Google founders Larry Page and Sergey Brin were going to the Burning Man festival in Nevada in 1998. For fun, they decided to draw a stick figure behind the Google logo, just in case, as “chief Doodler” Dennis Hwang says, “the site crashed and someone wanted to know why nobody was answering the phone.”
That simple, fun idea was the spark behind the wildly popular Google Doodles.
Since then, that simple stick figure has morphed into some 1,000 creative efforts. These days, you’re as likely to see something interactive, like the one marking the 30th anniversary of Pac-Man in 2010, or the ice-clearing celebration of the 112th anniversary of the Zamboni. People like me look forward to seeing what creative Doodle will turn up next. We click and share and talk about them.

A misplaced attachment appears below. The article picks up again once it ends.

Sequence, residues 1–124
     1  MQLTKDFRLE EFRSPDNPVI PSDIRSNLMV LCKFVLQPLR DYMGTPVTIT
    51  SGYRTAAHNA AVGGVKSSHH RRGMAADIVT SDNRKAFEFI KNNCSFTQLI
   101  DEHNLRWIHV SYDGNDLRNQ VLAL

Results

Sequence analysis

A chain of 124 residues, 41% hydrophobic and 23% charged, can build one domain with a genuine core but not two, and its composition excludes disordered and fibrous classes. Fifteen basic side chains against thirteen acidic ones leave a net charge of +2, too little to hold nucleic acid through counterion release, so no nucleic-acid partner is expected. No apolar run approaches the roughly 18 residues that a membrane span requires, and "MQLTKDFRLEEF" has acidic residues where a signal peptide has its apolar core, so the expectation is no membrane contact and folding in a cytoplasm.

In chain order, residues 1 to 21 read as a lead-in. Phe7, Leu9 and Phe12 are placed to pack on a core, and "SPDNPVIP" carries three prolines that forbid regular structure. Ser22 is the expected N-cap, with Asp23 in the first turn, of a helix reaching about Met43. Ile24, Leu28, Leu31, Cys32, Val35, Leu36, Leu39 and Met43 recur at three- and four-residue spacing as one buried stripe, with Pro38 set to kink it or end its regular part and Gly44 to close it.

So why are companies so nervous about showing any personality? They hide behind stiff wording like utilize, implement, deploy and leverage. They avoid saying who did what with passive sentences. Their lawyers scour and sanitize.
Yet aren’t the companies with personality the ones that make you smile, the ones you remember, the ones you think of first when presented with a choice?
You may be thinking that it’s easy for a company like Google, but what can you do if you don’t have creative geniuses on staff? No excuse. Just look at the airline industry, with WestJet and their Christmas flash mob, and Air New Zealand with their Hobbit-inspired safety message. Sorry, Air Canada, maybe it’s all your labour troubles but I can’t see you pulling those off.
Do you love the Google Doodles too? You can suggest ideas for new Doodles by email to proposals AT google DOT com, and now you can buy Doodle mugs, t-shirts and other merchandise too.